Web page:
WADE WINGLER: I’ve always wondered and been concerned about stigma and assistive technology in the big picture. As I’m thinking about these apps that were talking about, I’m wondering, is there a stigma with using apps related to your anxiety, or is the fact that they are on a smart phone not such a big deal? Tell me about your thoughts on that.
LAURA HALL: I think [Inaudible] smart phone really does cut down with a stigma. Nobody can really tell what you might be doing, even some of these where you are listening to a meditation or a mindfulness activity. You can have headphones on and no one knows whether you are listening to music or listening to that. The ones where you are tracking your symptoms or your triggers, obviously that just looks like you are typing in your phone. I really do think that cuts down on the Sigma. Of course, I wish to estimate didn’t even exist. I think too often the mental health stigma keeps most people from getting the help they need. I’m glad that there are some apps that can now assist with that in a way that doesn’t need to be broadcast to the entire world.
WADE WINGLER: This is a great list of apps. Tell me you have one or two more you can share before we are out of time.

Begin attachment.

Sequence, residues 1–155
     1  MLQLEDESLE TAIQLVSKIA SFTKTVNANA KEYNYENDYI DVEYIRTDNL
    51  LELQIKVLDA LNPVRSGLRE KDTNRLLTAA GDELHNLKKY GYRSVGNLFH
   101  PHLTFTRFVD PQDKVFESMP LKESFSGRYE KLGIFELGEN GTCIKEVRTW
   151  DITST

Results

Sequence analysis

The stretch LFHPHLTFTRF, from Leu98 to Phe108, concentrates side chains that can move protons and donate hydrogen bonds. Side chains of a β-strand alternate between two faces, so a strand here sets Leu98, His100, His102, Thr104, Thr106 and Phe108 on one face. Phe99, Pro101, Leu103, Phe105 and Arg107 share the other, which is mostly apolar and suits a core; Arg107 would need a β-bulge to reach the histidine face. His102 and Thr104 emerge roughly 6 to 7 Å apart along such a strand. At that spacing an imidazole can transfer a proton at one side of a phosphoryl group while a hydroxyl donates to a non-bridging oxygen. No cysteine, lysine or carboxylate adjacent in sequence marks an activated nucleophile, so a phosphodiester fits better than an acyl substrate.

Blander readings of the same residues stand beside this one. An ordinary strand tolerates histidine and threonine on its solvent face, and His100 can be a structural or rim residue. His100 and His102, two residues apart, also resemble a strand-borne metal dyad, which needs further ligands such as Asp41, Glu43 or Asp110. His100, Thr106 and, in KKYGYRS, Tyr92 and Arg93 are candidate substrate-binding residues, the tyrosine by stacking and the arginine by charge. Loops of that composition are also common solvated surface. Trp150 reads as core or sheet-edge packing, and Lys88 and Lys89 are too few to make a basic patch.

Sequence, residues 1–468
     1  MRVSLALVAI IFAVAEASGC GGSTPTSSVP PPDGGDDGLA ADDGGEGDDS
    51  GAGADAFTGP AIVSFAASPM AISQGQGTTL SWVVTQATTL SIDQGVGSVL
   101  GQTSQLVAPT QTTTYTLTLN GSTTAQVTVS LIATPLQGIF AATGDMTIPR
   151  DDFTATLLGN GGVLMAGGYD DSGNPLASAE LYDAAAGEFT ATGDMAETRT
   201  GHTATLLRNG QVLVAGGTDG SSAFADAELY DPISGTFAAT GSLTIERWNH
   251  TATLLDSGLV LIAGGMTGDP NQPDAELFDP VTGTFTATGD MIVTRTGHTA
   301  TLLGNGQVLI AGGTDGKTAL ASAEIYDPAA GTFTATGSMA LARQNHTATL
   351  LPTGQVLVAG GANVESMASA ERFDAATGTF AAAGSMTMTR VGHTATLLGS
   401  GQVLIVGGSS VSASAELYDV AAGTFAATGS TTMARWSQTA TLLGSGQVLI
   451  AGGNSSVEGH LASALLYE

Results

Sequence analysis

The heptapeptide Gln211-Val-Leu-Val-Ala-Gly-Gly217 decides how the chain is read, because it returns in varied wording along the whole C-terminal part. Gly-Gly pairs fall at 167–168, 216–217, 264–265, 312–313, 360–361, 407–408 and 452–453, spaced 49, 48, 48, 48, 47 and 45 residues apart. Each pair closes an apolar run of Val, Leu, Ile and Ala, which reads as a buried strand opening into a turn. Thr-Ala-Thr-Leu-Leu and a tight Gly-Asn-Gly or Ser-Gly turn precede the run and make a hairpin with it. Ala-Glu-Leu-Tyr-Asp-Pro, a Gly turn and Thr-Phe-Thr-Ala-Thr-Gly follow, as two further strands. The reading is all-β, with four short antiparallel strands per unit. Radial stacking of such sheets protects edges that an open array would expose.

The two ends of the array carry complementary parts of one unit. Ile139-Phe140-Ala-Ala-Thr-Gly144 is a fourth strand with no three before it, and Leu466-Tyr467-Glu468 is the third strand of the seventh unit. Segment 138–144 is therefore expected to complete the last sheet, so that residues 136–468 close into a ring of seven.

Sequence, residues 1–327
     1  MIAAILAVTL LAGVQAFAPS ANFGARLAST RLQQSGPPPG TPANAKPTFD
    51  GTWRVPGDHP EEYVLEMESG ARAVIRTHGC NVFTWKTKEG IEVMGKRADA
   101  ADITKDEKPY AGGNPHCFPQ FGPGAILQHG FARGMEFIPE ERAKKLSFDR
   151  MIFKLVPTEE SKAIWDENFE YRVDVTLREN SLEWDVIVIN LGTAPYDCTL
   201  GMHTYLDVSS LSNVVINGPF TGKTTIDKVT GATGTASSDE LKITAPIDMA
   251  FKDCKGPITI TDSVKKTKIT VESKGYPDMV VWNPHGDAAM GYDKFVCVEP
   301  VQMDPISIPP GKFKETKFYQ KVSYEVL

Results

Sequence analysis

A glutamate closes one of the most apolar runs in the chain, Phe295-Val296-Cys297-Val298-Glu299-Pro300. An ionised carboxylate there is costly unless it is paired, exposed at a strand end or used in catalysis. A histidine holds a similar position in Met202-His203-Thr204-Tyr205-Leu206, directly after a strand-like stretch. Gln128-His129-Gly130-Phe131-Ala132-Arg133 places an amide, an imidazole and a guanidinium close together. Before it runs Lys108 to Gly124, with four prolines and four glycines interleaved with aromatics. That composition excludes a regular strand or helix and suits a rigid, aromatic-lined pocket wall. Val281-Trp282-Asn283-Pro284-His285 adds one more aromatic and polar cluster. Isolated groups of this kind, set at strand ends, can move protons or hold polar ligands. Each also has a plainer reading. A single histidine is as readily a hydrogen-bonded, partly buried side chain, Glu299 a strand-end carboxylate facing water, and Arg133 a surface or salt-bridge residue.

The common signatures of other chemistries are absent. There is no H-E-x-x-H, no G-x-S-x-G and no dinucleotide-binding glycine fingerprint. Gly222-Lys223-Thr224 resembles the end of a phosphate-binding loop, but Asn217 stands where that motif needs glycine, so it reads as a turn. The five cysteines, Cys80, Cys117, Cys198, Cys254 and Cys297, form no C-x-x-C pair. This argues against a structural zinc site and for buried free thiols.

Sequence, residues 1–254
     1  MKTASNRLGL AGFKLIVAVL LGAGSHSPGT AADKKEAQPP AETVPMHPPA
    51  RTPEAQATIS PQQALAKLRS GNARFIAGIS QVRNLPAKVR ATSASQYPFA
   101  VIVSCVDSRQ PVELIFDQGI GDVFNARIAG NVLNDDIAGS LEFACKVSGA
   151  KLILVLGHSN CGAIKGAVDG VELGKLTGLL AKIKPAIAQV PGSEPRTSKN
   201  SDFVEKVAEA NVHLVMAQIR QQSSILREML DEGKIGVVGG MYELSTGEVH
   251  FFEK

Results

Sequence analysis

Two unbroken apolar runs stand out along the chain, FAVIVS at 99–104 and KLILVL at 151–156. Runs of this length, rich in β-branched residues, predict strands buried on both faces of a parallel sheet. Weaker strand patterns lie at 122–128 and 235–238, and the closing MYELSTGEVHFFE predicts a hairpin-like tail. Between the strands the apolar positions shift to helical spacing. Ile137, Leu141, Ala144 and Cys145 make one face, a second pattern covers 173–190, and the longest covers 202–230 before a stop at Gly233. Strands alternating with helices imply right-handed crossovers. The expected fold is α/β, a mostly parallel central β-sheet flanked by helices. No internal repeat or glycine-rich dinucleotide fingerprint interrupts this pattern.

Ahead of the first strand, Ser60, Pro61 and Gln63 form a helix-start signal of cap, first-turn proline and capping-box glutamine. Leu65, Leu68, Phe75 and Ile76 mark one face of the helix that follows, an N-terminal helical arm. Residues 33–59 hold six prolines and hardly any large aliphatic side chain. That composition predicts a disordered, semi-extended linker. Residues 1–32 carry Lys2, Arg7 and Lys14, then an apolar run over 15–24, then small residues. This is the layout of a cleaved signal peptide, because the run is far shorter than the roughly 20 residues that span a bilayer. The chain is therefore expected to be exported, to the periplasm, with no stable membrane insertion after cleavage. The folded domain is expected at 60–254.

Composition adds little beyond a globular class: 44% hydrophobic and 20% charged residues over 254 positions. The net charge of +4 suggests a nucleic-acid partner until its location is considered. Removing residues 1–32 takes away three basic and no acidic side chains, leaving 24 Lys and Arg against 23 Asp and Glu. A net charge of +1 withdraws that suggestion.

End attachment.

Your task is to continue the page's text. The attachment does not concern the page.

LAURA HALL: I do. I’m going to share my last two different apps with you. One is the app called Happify. When you sign up, it asks you a series of personal questions about how you’re feeling and helps you determine your happiness score, is what they call it. Based on your happiness score, that then recommends a selection of tracks that might help boost it. It could be conquering negative thoughts or building self-confidence or building career success. That it helps you complete a set of simple activities. Today when I was doing my daily Happify, it had me talk about something I could do to reach out to a friend. I typed out what I wanted to do to reach out to a friend. I have a friend who like smiley faces, so I’m wanting to find something with a smiley face for her. When I did that, and asked me how it made me feel. You can track according to that. There are some games, some soundtracks that go along with that also that are really helpful. That’s one of those that you can use for free. Certain portraits of it that you want to unlock, you pay the in app purchases.